One of the truly awful duties of the NHS manager is to undertake public consultation. The first point to consider is whether a consultation is actually necessary.

The key organisation to worry about is the community health council. do not worry about the staff.What are they going to do? Go on strike? If they do, they will do your dirty work for you. do not forget: for the time being anyway, CHCs' sole power relates to consultations - the ability to refer the whole matter to the minister.

If you do not hold a consultation exercise, even this limited delay will be precluded. The deciding factor is usually whether your proposals represent a 'significant change in the pattern of provision of services'. What does this mean? Anything you want it to mean, more or less. What, for example, is 'significant'? The CHC, of course, will claim that anything is significant. It may even demand to be consulted on the details of your new corporate logo.

Let's say you want to close a small, much loved (by all but you), outlying hospital. This is not significant because the place represents less than 10 per cent of your available beds/staff/expenditure/treatment episodes.

Unfortunately, this argument rarely works, so you'll have to do the consultation anyway.

Unless - and it is a big 'unless' - you can claim you have to close it for emergency reasons.

An emergency can be anything: impending financial disaster, shortage of staff or - best of all - a health and safety issue. You can probably find all these justifications fairly easily. Get the estates department to crawl all over the building looking for asbestos or unfortunate bio-chemical dumps.

See if the structure is sound.Was lead-based paint used in redecoration? Is the radiological protection up to scratch? Does the fire alarm system work? Arrange for the fire officer to visit and find all the fire doors wedged open.

Get something dangerous to collapse (oldfashioned radiators can be encouraged to fall off walls fairly easily) and call in the Health and Safety Executive.

The point is, if It is an emergency you can close the hospital without further ado. You'll still have to have a consultation at some point, but who can object once the place has been empty for two years, has been vandalised, and all the equipment re-used elsewhere? This is the route of choice because it enables you to get what you want as quickly as possible.

However, let us take the worst-case scenario and you have to go through with the damned charade. Your first step is to take the CHC chair into your confidence. Explain that the closure is absolutely essential if your new mega-hospital rebuild is to get off the ground, or that much more difficult 'choices'may have to be made instead of its closure. You might hint that your A&E may not be safe if St Comfortable's is not terminated instanta.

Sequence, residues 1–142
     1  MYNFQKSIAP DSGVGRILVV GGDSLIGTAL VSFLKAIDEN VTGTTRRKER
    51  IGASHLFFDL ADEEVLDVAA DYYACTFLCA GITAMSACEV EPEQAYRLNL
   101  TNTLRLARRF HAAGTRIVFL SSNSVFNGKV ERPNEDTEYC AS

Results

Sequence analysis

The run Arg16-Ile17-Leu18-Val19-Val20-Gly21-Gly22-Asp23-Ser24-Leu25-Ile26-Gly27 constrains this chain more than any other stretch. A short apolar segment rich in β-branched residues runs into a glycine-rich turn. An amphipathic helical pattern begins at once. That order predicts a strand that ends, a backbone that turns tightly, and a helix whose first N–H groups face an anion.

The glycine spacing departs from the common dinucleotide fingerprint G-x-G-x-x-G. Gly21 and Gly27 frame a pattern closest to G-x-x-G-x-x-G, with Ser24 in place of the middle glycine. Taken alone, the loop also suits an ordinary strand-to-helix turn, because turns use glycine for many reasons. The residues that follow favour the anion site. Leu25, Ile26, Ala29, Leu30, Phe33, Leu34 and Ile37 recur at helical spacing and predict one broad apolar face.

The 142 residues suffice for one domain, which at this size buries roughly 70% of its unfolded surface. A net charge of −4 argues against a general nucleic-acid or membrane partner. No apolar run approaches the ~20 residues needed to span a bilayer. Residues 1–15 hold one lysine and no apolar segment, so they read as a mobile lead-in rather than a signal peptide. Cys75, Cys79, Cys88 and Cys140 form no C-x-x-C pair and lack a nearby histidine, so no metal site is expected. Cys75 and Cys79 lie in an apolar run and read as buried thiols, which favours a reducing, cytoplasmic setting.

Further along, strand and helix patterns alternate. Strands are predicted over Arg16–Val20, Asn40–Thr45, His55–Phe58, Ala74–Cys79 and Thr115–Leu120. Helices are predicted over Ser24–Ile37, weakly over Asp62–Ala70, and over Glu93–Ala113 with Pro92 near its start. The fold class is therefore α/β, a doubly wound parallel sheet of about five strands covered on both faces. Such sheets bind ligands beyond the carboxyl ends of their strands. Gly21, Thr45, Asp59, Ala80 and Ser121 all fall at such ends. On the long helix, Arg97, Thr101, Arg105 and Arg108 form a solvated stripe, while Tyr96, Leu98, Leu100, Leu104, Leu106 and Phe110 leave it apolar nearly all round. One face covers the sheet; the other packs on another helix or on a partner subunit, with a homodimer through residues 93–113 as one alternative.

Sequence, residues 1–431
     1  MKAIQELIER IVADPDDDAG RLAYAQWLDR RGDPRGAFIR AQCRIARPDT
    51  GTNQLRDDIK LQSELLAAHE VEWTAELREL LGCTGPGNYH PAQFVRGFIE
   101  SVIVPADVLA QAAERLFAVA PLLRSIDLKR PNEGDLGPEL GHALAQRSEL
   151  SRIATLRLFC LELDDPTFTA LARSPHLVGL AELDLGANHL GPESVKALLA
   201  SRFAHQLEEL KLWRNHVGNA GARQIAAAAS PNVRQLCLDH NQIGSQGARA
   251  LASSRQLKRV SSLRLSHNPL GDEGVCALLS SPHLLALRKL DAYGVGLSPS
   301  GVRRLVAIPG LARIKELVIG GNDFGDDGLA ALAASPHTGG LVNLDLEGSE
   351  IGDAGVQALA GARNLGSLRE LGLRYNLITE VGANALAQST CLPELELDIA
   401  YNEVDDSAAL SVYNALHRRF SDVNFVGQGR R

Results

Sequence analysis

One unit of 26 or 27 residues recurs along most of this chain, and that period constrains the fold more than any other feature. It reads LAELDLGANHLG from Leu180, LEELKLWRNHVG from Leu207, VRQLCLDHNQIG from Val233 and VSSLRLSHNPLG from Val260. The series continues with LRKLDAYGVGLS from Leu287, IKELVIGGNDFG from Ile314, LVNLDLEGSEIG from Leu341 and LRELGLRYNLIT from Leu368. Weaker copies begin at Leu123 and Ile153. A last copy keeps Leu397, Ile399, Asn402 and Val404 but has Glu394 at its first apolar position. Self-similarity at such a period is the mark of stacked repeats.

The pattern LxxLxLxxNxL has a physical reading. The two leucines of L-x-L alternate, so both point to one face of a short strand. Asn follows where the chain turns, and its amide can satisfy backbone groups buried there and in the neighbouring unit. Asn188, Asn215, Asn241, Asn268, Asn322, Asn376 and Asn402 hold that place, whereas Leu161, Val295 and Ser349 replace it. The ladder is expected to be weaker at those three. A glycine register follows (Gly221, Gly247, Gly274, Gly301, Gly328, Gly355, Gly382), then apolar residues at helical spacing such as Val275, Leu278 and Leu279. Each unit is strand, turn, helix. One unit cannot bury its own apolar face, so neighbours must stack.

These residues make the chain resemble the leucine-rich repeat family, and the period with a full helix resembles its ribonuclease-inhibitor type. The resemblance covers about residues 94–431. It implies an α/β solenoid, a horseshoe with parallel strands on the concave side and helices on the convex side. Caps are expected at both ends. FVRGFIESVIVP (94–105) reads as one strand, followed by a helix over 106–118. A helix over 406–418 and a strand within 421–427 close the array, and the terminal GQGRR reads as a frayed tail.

CHC chairs like this sort of backstairs intrigue, but they will not want to be at the forefront of support. That doesn't matter. All you want is for them not to oppose outright.

On the basis that once played, the opposition card is spent, you can easily buy them off with promises of further formal involvement in the project elaboration process. What does that mean? Nothing, but it gets you off the hook.

Lest you think this is fanciful: the closure of one of London's largest hospitals was achieved happily in precisely this fashion.

Now to your consultation document. It will be expected to be precise, cogent and understandable. Needless to say, my loyal readers would expect the opposite - and they would be right. The actual document will trawl backwards through the history of the NHS over scores of pages. Numerous and meaningless decision-support matrices (when you make up a table proving your option is not only best but the only practicable solution) must be generated to support the plan; an entirely fictional sensitivity analysis will do likewise. Finally, your proposal must be shrouded in ill defined promises of further investment and service development, so long as the closure is the only thing which is clearly stated. Then send it out on as restricted a basis as possible.

You ignore all opposing responses as they will never include costed and measured alternatives. They can't, because you hold all the raw data. You then sorrowfully close the place down, pack off the old biddies to a private nursing home and have a party for your staff and supporters.